If there was a competition to find the world's Most Optimistic Law, then here's a promising contender.
A law has just been introduced in Pakistan that bans people from scrawling graffiti on the walls of Karachi, a vast, chaotic port city on the shores of the Arabian Sea.
It is impossible to drive through Karachi without being struck by the manner in which the city's walls yell at the passersby.
Many are buried between a sea of black and red scribblings, which have clearly been penned with great passion and have often - and this is especially striking to the visitor - been angrily crossed out by rival scribes.
Some of this "wall-chalking," as Pakistanis call it, is the work of sectarian and militant groups responsible for much of the violence that has blighted Karachi, Pakistan's business capital, for many years, and is getting worse.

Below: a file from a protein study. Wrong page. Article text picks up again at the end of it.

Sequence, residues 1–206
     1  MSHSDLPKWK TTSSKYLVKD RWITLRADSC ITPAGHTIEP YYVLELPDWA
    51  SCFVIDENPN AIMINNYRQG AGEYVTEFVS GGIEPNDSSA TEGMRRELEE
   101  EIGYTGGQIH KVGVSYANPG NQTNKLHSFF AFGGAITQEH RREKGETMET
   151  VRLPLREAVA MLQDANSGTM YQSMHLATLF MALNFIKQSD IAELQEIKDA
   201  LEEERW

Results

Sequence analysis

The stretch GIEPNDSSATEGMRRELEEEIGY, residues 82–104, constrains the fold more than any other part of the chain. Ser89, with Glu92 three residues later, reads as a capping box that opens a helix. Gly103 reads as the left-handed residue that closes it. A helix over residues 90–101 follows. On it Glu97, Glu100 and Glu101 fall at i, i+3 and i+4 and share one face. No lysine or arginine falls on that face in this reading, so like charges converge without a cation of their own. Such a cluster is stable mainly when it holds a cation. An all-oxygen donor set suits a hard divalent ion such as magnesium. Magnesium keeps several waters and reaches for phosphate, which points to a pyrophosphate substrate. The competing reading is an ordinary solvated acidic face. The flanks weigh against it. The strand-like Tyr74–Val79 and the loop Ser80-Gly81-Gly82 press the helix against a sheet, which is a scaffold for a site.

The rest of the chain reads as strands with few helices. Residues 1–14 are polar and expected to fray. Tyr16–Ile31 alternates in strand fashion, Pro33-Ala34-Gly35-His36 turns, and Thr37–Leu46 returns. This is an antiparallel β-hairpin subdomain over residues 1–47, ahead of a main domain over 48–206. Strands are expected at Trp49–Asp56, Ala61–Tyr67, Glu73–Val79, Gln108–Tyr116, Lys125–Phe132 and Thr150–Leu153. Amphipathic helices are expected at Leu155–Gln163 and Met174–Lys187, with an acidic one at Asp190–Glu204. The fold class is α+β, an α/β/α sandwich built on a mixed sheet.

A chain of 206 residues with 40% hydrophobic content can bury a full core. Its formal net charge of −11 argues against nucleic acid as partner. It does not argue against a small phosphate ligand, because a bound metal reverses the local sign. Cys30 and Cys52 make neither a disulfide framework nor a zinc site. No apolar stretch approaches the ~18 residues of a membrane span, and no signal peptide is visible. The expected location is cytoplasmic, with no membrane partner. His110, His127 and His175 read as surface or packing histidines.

These groups "spread poison in society by plastering (Karachi's) walls with hate-filled messages and sinister warnings," said an editorial in Pakistan's Dawn newspaper that condemned the vast majority of Karachi's wall-chalking as an "eyesore."
But as the paper points out, many other people are also doodling away on the city's architecture. These range from political and religious parties advertising forthcoming rallies to quacks selling dodgy remedies for baldness and impotence.
The new anti-graffiti law was passed by legislature in the southern province of Sindh, and covers the whole province (of which Karachi is a part). Scribblers caught defying the law by the cops, or "nabbed," as they say here, could find themselves staring at a prison wall for six months, and paying a $50 fine.
Dawn acknowledged this law won't be easy to enforce, so it called on Karachi's roughly 18 million citizens to take the initiative by cleaning off unwanted scrawls on their neighborhood walls.
In a town where gun battles happen pretty much every day, that suggestion also seems highly optimistic.